The Immigration Boom
We live in a country full of many different ethnicities. Since Confederation in 1867, 17 million people have immigrated to Canada. In the late 1800s to the early 1900s, many migrants passed through Selkirk and East Selkirk in search of a better life. Some stayed while others chose to move further into the country.
In 1891, Manitoba had a population around 153,000 people while Winnipeg had around 26,000 people. Selkirk at this time had a population of about 1,300 people. Selkirk was primarily made up of Scottish settlers due to Lord Selkirk and the founding of the Red River Colony in 1812. In order to populate the vast lands of Canada, Prime Minister Wilfred Laurier started an immigration incentive system. Propaganda was created to persuade those searching for a better life to come to Canada.
One of the first major waves of immigration from Eastern Europe to Manitoba consisted of 1,700 Russian Doukhobors. They arrived in East Selkirk in February in 1899. They stayed in the old Round House located south of Colville Road on Frank Street, which at the time was converted into an immigration shed. An immigration shed was a building used to house large numbers of immigrants. The building was originally used by the CPR for train engine repairs but was abandoned when the CPR decided to build a train bridge closer to Winnipeg.
Only 2 months later, approximately 600 Ukrainians joined the already cramped quarters that the Russians were living in. In May of 1899, another 1000 Russian Doukhobors migrated to East Selkirk. The Round House was not big enough to accommodate everyone and as if it wasn’t full enough, an even larger group followed not far behind them. Large tents were built to house the growing number of migrants arriving every month. Poles and Latvians were also a part of the growing numbers. Over the summer of 1899, many people boarded trains to settle in Saskatchewan, Alberta, and British Columbia, however, many others chose to stay.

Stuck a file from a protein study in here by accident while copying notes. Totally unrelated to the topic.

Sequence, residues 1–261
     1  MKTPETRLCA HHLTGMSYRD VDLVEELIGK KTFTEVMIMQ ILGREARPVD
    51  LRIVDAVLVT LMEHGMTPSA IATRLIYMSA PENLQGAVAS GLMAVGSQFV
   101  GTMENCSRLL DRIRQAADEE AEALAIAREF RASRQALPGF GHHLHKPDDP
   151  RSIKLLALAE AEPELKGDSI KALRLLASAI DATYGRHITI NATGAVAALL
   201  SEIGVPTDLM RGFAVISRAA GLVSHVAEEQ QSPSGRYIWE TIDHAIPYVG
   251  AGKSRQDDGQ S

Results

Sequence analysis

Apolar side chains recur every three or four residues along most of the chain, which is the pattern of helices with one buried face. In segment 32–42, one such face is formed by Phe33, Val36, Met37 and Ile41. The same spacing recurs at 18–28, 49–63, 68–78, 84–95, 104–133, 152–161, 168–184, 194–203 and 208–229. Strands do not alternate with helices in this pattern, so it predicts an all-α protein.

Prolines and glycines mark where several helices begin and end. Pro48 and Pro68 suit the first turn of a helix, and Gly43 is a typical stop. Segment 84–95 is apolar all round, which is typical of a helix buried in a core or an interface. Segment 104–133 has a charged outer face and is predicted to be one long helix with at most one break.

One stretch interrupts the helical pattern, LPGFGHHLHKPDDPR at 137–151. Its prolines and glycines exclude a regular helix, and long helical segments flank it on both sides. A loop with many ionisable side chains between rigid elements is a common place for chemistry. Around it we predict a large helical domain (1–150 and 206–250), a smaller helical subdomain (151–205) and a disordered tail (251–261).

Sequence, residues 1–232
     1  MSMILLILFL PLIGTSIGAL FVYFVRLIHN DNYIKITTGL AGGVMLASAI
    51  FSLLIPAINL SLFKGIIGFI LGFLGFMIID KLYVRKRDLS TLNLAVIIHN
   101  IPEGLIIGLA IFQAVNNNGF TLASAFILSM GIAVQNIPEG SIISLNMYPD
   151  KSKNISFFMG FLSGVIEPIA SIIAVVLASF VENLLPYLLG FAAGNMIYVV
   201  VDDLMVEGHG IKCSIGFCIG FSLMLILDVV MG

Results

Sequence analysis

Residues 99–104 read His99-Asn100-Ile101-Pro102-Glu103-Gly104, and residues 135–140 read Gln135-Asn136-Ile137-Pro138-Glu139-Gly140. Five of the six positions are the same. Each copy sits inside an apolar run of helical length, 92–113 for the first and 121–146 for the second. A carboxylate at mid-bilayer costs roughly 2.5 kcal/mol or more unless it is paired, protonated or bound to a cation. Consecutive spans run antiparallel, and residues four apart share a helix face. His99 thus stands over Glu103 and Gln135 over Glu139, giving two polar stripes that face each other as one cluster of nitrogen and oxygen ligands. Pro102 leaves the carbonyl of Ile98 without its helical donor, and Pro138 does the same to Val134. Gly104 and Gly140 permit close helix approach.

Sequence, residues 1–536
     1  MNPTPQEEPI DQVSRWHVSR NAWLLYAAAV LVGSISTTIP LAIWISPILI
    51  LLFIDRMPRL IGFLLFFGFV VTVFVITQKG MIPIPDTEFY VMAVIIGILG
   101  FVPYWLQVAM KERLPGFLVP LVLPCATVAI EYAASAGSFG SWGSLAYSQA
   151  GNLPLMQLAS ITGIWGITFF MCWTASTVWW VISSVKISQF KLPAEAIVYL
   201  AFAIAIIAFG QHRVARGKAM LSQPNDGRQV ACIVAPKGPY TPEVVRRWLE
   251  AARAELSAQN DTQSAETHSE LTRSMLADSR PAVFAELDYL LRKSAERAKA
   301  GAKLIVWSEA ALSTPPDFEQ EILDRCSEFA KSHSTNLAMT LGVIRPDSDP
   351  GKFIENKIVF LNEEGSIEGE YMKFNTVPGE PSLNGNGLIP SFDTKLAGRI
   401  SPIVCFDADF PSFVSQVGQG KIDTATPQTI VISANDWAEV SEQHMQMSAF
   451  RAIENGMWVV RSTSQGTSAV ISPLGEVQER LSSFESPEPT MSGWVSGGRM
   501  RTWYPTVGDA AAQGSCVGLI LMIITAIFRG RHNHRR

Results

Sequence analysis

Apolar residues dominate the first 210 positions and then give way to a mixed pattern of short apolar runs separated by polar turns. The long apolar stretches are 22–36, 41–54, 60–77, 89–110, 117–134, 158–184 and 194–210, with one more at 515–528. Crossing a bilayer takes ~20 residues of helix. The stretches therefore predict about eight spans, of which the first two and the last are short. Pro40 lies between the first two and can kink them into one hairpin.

Here to Stay
Communities like Libau and Narol were established because of those who did not choose to leave for the West. From 1891 to 1920, 170,000 Ukrainians immigrated to Canada. They came mostly from the Ukrainian provinces, Glicia and Bukovyna. Meanwhile, the Doukhobors were being forced to fight for Czar Nicholas II of Russia. They faced an ultimatum; If they did not join his army, they would be imprisoned in Siberia. Canada offered to help the Doukhobors by promising them free land, religious freedom, and exemption from military service.
In Poland, many people were having trouble finding jobs. The CPR advertised employment opportunities in Poland which led to about 120, 000 Polish immigrants arriving in Canada from 1895 to 1913.
The journey was not easy for those coming to Canada. Many left their homelands in search of a better life for their families, others left to find work. Ukrainians, Russians, Latvians, Poles, and many other ethnic groups found a home in Selkirk which helped Selkirk grow into the city that we know today. There is still a large Ukrainian community within Selkirk and East Selkirk. The next blog will discuss the importance of culture within these communities.
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